Some call it “spring”

In honour of the Setsubun, and because today is not a good day for science.

Intoxicated Heart

I will wear my demon mask today
and throw my dying love into your garden.
The clouds will sing the psalms of demi-gods
buried in palliative hospitals.
And then again, my inner thighs
will toast their blood streams
in your honour,  for all the dessicated seeds
uprooted in my winter-womb by mercy
of those who died before, and of my own
intoxicated heart.
I will throw my agonising hopes at you
and dream you anew, cardboard face
of childhood past.

Last one for now.

Final NaPoWriMo poem of the year. So I thought of it as a kind of pair to the first poem I wrote at the start of NaPoWriMo, although that probably doesn’t come across as such. I hope you enjoy it, regardless.

(DAY 30)

A moth photograph, to match the one I posted on day one of NaPoWriMo.

A moth photograph, to match the one I posted on day one of NaPoWriMo.


So adept at lying
we turn our gazes
on other people
pretending we could
swallow whole
the world and then
birth it again
in a new shape.
Wouldn’t it be
easier though
for one of us
to swallow
the other and
then, pregnant
with the devil
of desire, to die
giving birth?
Let us forget
the lies and
remember our
stolen promises

A Little Challenge

Alfred James Munnings, "A Cloud Study"

Alfred James Munnings, “A Cloud Study”

Today’s poem is the result of a challenge. It was supposed to be a happy poem, so hopefully it manages to bring out a more cheerful mood.

(DAY 29)


That day when the clouds
had broken my wings
you moulded hands
out of the dirt
on the sidewalk
so huge and warm
I thought I had fallen
the wrong way down
back into the heart
of my mother. You
let me dream
until I was full enough
to peel off my eyelids
and make sense
of your smile. I
never thought
about the clouds
after that,
because I learned
even your teeth
were softer.


Two more days left… For now, a poetic distillation of my academic research. :)

Mark Ryden, "Good Luck" (1991)

Mark Ryden, “Good Luck” (1991)

(DAY 28)


It took

many mirrors

to finally show

my knight in shining armour

my reluctant hero

but I saw


that she had always been there

albeit hard to recognise

with all the masks she put on

all the familiar faces

I held nothing in common with.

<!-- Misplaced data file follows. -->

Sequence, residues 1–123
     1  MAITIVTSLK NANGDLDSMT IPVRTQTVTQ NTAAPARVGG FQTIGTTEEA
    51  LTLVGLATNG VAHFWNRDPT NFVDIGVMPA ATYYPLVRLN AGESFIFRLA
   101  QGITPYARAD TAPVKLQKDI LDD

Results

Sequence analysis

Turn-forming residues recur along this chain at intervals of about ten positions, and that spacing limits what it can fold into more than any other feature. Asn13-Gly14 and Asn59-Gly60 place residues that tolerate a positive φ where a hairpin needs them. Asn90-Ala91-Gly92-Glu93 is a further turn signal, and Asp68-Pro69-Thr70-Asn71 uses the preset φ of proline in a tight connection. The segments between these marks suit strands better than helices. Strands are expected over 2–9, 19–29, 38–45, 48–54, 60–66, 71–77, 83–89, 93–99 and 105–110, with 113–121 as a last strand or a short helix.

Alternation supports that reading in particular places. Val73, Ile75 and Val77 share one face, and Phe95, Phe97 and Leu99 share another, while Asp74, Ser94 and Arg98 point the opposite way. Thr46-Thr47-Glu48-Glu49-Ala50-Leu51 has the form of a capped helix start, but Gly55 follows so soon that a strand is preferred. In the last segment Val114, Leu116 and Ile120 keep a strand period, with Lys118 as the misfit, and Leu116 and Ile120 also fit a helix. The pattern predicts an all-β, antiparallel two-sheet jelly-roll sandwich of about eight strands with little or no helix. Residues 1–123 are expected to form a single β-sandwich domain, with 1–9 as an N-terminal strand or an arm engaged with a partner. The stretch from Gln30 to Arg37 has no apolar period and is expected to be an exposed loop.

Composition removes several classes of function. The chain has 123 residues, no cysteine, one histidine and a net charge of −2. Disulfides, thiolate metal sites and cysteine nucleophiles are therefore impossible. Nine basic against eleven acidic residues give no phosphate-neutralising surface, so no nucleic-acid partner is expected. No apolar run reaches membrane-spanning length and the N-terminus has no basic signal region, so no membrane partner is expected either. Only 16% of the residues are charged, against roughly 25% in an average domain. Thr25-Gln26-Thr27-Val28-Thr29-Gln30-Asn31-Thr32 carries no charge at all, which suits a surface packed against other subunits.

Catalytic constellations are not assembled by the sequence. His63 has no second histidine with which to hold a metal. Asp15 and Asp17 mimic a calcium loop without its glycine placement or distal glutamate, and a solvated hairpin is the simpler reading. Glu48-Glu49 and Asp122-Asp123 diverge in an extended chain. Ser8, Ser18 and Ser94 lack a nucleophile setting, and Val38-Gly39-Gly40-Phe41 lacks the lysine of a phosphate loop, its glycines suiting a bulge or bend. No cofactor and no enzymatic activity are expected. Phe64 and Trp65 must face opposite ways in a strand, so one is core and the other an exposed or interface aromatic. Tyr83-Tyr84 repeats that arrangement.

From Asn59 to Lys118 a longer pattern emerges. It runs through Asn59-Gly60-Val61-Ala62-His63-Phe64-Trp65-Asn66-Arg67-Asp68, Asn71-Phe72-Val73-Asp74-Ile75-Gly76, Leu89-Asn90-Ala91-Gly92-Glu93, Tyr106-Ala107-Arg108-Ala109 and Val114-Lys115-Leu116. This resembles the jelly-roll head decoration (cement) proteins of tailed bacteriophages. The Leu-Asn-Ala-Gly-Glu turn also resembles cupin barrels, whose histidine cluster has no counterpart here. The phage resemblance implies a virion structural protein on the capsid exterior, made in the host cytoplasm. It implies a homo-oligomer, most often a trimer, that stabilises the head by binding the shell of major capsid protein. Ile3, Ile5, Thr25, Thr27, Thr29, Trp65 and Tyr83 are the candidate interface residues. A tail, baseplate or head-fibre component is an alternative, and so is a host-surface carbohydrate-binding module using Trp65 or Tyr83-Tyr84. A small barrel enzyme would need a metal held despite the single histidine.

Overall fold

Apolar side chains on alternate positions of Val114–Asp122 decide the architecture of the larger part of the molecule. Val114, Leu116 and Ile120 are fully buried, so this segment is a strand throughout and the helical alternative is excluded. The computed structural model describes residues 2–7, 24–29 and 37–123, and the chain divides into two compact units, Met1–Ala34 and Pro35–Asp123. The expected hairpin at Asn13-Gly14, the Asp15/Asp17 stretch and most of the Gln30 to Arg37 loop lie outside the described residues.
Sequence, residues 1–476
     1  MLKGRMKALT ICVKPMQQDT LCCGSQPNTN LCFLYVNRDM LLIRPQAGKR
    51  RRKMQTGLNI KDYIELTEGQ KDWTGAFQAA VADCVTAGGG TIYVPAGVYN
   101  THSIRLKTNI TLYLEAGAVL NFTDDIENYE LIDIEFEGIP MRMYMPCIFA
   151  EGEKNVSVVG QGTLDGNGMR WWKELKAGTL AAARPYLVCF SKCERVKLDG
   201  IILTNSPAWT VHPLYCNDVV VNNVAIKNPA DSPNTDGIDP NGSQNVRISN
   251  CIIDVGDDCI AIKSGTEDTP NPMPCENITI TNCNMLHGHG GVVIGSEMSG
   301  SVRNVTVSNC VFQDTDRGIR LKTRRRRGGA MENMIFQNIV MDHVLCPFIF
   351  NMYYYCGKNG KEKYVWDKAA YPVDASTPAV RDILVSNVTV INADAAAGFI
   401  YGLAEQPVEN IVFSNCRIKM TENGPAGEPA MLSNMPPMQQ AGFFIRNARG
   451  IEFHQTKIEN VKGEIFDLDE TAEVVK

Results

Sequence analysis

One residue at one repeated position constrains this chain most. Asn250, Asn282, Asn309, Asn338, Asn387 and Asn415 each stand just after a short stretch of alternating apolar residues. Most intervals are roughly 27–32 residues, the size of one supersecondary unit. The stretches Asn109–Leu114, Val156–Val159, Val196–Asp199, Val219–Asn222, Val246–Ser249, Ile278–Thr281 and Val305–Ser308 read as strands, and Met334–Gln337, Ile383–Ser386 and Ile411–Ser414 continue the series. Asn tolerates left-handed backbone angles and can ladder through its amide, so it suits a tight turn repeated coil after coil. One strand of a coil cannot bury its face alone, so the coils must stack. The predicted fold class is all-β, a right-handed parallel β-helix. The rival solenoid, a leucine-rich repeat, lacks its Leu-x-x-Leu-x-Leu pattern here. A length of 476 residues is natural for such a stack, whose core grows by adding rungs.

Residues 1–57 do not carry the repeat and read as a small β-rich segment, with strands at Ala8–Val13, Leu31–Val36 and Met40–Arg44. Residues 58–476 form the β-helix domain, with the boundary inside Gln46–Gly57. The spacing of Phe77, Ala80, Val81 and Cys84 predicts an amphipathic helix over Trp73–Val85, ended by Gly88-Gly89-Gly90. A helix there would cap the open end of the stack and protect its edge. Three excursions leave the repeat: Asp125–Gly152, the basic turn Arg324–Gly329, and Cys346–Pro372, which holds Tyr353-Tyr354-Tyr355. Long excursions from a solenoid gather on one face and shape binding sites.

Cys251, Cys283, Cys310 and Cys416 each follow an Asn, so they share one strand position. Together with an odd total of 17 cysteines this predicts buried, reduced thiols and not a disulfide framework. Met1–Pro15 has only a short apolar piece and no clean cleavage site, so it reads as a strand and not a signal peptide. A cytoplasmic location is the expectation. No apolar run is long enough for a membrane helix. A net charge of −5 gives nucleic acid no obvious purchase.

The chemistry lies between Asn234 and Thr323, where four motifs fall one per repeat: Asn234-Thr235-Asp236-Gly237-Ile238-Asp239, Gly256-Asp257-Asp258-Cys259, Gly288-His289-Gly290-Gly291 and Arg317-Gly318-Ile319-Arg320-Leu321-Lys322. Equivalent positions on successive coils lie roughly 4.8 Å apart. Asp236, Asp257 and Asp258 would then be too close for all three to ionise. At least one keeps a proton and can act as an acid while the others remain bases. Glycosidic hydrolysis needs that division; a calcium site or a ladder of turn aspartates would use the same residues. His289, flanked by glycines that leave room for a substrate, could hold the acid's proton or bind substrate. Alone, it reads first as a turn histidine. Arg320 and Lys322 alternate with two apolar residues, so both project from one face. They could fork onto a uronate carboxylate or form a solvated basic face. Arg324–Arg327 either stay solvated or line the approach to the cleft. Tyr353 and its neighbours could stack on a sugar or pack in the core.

It took many mirrors

but then she smiled back

with the teeth of the dragon

and I knew her

for who she was.

Getting there…

It’s almost the end of NaPoWriMo again, so I guess a sort of nostalgia is kicking in…

Adam Cardall, "Castles in the Sky" (2002)

Adam Cardall, “Castles in the Sky” (2002)

(DAY 27)

That Time

It’s that time of the year again
when the sky cracks in two
releasing its angels, when the walls
put on a new coat of paint
and call it even with the vestal forest.
This is all unavoidable. Some say
it has always been this way.
So, at this time of the year,
all fugitives and seekers
take shelter under the bones
of their ancestors, erasing time.

Parallel Universes

Another NaPoWriMo entry written with relish. This is a good period for creativity, methinks! :D

"Bird", unknown artist, currently in the Fine Art Collection at the University of Exeter.

“Bird”, unknown artist, currently in the Fine Art Collection at the University of Exeter.

(DAY 26)


A sparrow

or a pigeon

or some such other bird

plunged from the rooftops.

It looked,

from the distance,

like a loose-haired girl

jumping to her death

with unrehearsed


This did not startle me,

just as, the other day,

misreading “cynical psychology”

on a door plate,

I was not startled.

Such glimpses

of parallel universes

are not unheard of.


they feel natural,

like my left foot kicking my right ankle

by mistake.

Words came a little easier today

I switched tactics today and started rather than ended my day by writing a poem. Of course it worked much better, since my brain wasn’t fuzzy and clogged for a change. Hope you enjoy!

"A Girl Writing" by Henriette Browne (1860-1880)

“A Girl Writing” by Henriette Browne (1860-1880)

(DAY 25)

Whose Words

Yours or mine,
fumbling for meaning,
exploded out of us like
we were only shells
waiting to be swept
with the rest of the garbage.

Were they spoken,
remembered or imagined,
put together in the nest
of our skulls from crumbs
picked up at the tables
of souls with
meanings to spare.

Whose were they
that ran wild
in that borrowed
home that we pretended
was ours for a little while.